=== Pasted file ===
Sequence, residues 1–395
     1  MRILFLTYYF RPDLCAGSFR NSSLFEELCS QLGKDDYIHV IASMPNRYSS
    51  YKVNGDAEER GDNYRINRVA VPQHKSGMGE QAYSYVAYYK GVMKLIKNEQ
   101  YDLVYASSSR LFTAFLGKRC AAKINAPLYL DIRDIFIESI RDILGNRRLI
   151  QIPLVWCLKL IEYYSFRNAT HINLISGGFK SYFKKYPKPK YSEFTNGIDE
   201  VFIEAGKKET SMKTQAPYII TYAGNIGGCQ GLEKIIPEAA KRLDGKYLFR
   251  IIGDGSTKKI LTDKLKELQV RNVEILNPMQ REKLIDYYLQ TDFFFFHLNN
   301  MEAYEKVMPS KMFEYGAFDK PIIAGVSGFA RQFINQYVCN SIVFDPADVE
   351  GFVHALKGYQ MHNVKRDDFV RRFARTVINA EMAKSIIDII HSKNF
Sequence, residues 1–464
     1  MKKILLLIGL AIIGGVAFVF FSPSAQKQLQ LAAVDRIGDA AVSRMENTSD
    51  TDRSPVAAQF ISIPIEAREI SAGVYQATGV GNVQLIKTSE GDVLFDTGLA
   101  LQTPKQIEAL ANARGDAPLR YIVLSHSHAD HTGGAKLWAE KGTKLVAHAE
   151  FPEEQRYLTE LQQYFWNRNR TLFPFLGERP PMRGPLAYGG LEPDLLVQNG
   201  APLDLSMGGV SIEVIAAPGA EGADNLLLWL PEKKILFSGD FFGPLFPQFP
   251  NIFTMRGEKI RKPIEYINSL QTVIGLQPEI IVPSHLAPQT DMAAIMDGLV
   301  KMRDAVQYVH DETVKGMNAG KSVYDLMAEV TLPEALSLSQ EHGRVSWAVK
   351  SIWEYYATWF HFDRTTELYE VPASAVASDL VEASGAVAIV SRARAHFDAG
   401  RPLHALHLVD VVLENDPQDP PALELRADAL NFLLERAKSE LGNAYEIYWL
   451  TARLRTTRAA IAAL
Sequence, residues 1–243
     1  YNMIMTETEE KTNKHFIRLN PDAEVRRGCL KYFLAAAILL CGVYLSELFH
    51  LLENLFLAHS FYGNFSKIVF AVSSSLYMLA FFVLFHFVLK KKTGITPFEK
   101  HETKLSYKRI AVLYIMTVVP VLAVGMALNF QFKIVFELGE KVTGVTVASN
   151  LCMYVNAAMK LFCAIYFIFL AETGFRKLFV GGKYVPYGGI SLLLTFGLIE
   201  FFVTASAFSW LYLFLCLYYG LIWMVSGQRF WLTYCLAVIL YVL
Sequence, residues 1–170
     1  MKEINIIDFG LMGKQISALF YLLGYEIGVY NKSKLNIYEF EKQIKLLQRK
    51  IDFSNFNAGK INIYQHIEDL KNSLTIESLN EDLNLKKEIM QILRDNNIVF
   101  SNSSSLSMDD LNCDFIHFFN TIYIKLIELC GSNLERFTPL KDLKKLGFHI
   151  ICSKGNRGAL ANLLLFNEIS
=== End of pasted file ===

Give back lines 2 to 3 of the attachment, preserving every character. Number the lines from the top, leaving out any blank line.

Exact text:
     1  MRILFLTYYF RPDLCAGSFR NSSLFEELCS QLGKDDYIHV IASMPNRYSS
    51  YKVNGDAEER GDNYRINRVA VPQHKSGMGE QAYSYVAYYK GVMKLIKNEQ